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Colombia’s President Juan Manuel Santos on Wednesday tweeted that his Facebook page had been hit by the hacker group Anonymous, which took a swipe at the country’s independence celebrations.
“I regret the interference with the Facebook account that is in my name, and the messages that have been published there,” Santos said in the microblogging service.
On Santos’ personal page, Anonymous left short phrases that are one of its calling cards, and a link to a video entitled “False Independence,” as Colombia marks the 201st year of its independence from Spain.
The video says that the celebrations should not be held. It argued that the country needed to demand its full rights on all fronts, criticizing violence and unemployment rates in the South American nation of about 45 million.
The content has since been taken down.
Anonymous rose to infamy last year with cyber attacks in support of controversial whistle-blower website WikiLeaks.
The group was linked to attacks on Visa, Mastercard and Paypal, which blocked donations to WikiLeaks after it published thousands of US diplomatic cables.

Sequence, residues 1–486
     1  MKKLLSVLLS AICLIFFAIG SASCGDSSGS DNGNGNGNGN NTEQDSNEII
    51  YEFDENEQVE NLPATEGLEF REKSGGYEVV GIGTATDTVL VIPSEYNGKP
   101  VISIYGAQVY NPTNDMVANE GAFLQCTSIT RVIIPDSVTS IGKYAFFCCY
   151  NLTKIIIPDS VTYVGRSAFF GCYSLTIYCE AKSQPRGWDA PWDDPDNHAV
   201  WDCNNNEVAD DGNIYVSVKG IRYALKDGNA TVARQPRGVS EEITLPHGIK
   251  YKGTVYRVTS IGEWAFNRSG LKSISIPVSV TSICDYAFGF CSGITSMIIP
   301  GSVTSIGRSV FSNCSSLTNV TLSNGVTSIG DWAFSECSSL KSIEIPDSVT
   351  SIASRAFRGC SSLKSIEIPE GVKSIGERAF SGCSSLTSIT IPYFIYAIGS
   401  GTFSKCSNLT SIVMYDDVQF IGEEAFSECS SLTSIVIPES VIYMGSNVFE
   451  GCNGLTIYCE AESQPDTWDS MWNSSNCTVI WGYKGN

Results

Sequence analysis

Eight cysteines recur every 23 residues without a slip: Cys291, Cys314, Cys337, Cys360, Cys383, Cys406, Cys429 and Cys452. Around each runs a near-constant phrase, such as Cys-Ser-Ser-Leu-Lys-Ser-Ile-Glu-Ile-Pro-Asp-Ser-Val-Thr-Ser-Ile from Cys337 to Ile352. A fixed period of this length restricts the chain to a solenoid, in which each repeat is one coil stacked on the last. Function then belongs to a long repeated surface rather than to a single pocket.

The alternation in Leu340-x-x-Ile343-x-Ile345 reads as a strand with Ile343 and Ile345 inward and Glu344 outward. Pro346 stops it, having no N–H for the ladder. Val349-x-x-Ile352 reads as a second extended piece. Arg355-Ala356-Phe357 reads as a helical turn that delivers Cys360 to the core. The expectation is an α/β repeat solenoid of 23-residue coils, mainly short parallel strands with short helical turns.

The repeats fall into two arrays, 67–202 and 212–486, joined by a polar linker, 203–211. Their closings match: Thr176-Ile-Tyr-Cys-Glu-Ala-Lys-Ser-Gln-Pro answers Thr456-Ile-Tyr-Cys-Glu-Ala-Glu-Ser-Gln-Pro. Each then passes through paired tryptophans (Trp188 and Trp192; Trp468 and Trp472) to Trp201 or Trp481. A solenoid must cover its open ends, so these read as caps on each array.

Early this year, Anonymous took credit for breaking into the website of HBGary Federal, stealing tens of thousands of email messages and temporarily routing traffic to a page with a vitriolic message.
The social network will undoubtedly blur even further the boundaries between the hacktivist core of the group and more casual members of the public who merely feel sympathetic to their cause.
The fact that the group has maintained a level of high-level attacks of a series of arrests similar to those which occurred this week suggests that, no matter what measures authorities use in trying to stop them, Anonymous aren’t going anywhere any time soon.–AFP with staff reporting.